LONDON • Gareth Southgate was not going to be the first manager to lead England to four straight defeats in 146 years of international football.
But that ignominy looked to be a real possibility going into half-time on Tuesday with England and Switzerland level in their friendly, and the opposition having the better of chances, notably through Xherdan Shaqiri, who hit the outside of the post from inside the box.
However, a rollicking from Southgate with "stern words" exchanged in the dressing room did the trick as England came out fired up after the break to beat the Swiss 1-0 at Leicester City's King Power Stadium.
Centre-back Harry Maguire admitted afterwards that things had gotten a bit fiery as the players held an inquest, but the "hairdryer treatment" was a necessary evil which worked.
"Definitely a few words spoken between the boys. All of us weren't happy with the performance at half-time, gave them (the Swiss) a little bit too much respect with the ball," he told reporters.
"The pressing was a bit bits and bobs, people going and people staying. The gaffer had stern words with us and the second half was much better."
Danny Rose concurred in an interview with Sky Sports that the row had galvanised the Three Lions.
"We could have been two or three-nil down at half-time," said left-back Rose. "It's great we can all shout at each other and tell each other to improve like we did."
Definitely a few words spoken between the boys. All of us weren't happy with the performance at half-time... The gaffer had stern words with us and the second half was much better.
HARRY MAGUIRE, England centre-back, on how things were heated up in the dressing room at the interval.
Southgate had insisted after being outplayed for the majority of their 2-1 Nations League opening defeat by Spain that England would continue to play out from the back under pressure.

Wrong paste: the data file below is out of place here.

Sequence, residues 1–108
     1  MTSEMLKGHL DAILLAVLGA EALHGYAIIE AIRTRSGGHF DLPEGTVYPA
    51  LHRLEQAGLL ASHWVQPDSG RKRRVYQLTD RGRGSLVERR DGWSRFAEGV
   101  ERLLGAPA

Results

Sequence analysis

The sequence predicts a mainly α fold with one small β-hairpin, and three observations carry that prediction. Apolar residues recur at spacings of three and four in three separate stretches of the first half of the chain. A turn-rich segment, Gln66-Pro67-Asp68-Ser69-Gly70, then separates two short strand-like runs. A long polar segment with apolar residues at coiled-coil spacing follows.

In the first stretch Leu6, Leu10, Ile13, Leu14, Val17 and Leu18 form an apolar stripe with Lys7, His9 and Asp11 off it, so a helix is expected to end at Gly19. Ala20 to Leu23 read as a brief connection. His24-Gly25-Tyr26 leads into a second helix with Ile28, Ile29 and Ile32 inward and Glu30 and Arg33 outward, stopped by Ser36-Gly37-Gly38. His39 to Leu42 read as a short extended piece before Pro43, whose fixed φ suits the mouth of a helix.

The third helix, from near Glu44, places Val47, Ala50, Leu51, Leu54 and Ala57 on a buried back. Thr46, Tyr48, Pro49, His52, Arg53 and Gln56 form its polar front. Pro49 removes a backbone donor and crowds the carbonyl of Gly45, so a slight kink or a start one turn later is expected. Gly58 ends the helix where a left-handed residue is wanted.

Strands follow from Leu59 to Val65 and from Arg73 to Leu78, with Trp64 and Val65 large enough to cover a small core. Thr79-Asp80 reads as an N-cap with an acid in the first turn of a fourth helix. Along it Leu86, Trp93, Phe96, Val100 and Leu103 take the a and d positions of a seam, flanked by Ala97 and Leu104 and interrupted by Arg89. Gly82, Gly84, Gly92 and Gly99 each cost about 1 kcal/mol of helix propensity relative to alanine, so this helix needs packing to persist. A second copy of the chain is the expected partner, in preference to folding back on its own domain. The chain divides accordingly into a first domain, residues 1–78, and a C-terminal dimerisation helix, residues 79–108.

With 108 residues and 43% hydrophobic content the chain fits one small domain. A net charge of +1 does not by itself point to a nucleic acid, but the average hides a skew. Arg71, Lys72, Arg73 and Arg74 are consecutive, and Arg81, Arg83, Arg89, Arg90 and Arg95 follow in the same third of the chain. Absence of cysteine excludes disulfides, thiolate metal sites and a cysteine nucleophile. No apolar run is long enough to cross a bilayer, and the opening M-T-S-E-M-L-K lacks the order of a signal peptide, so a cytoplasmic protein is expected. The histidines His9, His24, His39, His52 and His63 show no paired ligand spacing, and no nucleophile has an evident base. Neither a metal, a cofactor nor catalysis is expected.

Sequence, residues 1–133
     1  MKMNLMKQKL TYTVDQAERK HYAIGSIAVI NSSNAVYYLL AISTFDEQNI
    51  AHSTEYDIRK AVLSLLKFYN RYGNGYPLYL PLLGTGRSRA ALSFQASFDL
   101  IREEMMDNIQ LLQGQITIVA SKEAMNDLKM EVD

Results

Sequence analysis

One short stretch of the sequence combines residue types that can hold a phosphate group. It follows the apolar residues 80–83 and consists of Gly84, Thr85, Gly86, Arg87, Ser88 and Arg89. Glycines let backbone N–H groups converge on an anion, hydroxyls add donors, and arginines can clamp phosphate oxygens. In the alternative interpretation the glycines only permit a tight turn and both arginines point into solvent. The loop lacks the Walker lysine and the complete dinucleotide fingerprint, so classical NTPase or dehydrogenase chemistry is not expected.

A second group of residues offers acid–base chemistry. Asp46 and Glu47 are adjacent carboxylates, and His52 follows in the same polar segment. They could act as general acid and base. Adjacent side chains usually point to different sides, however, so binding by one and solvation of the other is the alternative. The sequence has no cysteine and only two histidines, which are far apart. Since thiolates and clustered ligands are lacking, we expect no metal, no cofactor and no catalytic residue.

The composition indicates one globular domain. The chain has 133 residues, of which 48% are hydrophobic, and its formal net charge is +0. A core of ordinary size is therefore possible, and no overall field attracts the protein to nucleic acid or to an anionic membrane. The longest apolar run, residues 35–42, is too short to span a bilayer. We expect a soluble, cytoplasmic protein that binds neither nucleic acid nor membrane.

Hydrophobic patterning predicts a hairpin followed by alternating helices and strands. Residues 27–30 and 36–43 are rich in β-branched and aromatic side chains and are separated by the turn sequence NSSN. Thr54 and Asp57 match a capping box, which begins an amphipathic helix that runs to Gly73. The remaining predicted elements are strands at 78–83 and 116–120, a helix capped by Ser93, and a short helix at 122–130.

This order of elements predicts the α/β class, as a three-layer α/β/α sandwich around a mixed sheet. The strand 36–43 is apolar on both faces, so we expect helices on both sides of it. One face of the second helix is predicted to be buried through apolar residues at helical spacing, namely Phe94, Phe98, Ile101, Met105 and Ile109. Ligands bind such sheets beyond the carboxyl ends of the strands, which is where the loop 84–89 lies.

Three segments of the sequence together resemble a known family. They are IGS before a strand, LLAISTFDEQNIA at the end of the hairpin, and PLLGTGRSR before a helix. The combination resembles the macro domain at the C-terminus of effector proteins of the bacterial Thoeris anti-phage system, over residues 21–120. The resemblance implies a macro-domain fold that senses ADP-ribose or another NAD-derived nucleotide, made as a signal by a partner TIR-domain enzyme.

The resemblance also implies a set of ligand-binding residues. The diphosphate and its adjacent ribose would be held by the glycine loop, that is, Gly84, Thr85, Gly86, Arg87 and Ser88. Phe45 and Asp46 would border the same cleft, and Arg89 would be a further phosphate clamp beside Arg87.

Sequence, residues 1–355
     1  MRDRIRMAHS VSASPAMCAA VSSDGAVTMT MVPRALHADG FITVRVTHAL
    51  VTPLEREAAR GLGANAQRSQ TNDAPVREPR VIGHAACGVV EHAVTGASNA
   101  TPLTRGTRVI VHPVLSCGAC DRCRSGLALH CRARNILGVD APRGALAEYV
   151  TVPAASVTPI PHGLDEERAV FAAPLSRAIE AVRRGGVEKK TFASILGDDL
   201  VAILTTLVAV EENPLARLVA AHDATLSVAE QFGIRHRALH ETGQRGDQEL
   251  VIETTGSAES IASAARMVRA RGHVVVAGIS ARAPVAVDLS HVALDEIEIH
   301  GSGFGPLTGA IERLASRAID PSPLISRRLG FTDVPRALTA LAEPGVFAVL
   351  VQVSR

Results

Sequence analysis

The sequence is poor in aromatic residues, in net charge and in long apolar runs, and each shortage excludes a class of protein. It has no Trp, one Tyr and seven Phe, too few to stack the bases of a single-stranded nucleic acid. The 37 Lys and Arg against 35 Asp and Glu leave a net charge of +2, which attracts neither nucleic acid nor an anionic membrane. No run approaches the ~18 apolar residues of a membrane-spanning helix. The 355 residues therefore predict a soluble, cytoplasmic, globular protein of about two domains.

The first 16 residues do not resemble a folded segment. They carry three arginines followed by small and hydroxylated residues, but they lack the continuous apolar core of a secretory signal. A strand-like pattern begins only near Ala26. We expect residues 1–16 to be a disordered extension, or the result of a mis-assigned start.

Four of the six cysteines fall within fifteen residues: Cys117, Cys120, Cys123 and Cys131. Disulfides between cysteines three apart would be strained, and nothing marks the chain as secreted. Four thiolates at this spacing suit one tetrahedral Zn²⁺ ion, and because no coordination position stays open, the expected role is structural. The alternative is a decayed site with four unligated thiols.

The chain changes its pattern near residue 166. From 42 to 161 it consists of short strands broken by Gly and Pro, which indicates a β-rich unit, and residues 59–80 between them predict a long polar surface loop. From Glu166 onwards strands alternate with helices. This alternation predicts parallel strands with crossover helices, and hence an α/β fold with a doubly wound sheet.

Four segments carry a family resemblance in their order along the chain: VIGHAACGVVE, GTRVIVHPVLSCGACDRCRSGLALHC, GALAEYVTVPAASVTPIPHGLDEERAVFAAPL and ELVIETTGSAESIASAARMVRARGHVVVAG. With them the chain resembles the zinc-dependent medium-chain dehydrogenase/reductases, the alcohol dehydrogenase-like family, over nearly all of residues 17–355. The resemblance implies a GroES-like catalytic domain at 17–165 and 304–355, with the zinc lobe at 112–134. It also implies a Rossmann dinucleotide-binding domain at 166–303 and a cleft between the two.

Yet it nearly cost the hosts the opening goal twice in a matter of seconds inside the first 10 minutes.
Jack Butland misplaced a pass which rolled dangerously close to his own goal and, when the goalkeeper's next clearance to James Tarkowski was cut out by the Swiss high press, Shaqiri struck the post with his weaker right foot.
While Southgate has been vocal in the last few days over England's failure to produce midfielders of the calibre that Spain possess, his side, containing nine changes from the weekend, was struggling even to cope with the the opposition's passing and movement as the visitors enjoyed nearly 65 per cent possession before the break.
A more positive start to the second period for the hosts was rewarded with the only goal on 54 minutes when Kyle Walker's hanging cross to the back post was swept home by Marcus Rashford for his fifth international goal.
The importance of holding on for a morale-boosting win for Southgate was shown as he introduced a host of regular starters, including captain Harry Kane for the final quarter, while Ben Chilwell made his international debut off the bench to loud applause from the fans at his club ground.
With a daunting double-header away at Croatia and Spain in the Nations League next month, Southgate is under no illusions about the task ahead, but he will continue to demand more despite the limitations of his squad.
"For ourselves, we are a smaller pool of players (compared to France), but we want an environment that's demanding. And that's the only way we can keep raising the standard," he said.
AGENCE FRANCE-PRESSE, REUTERS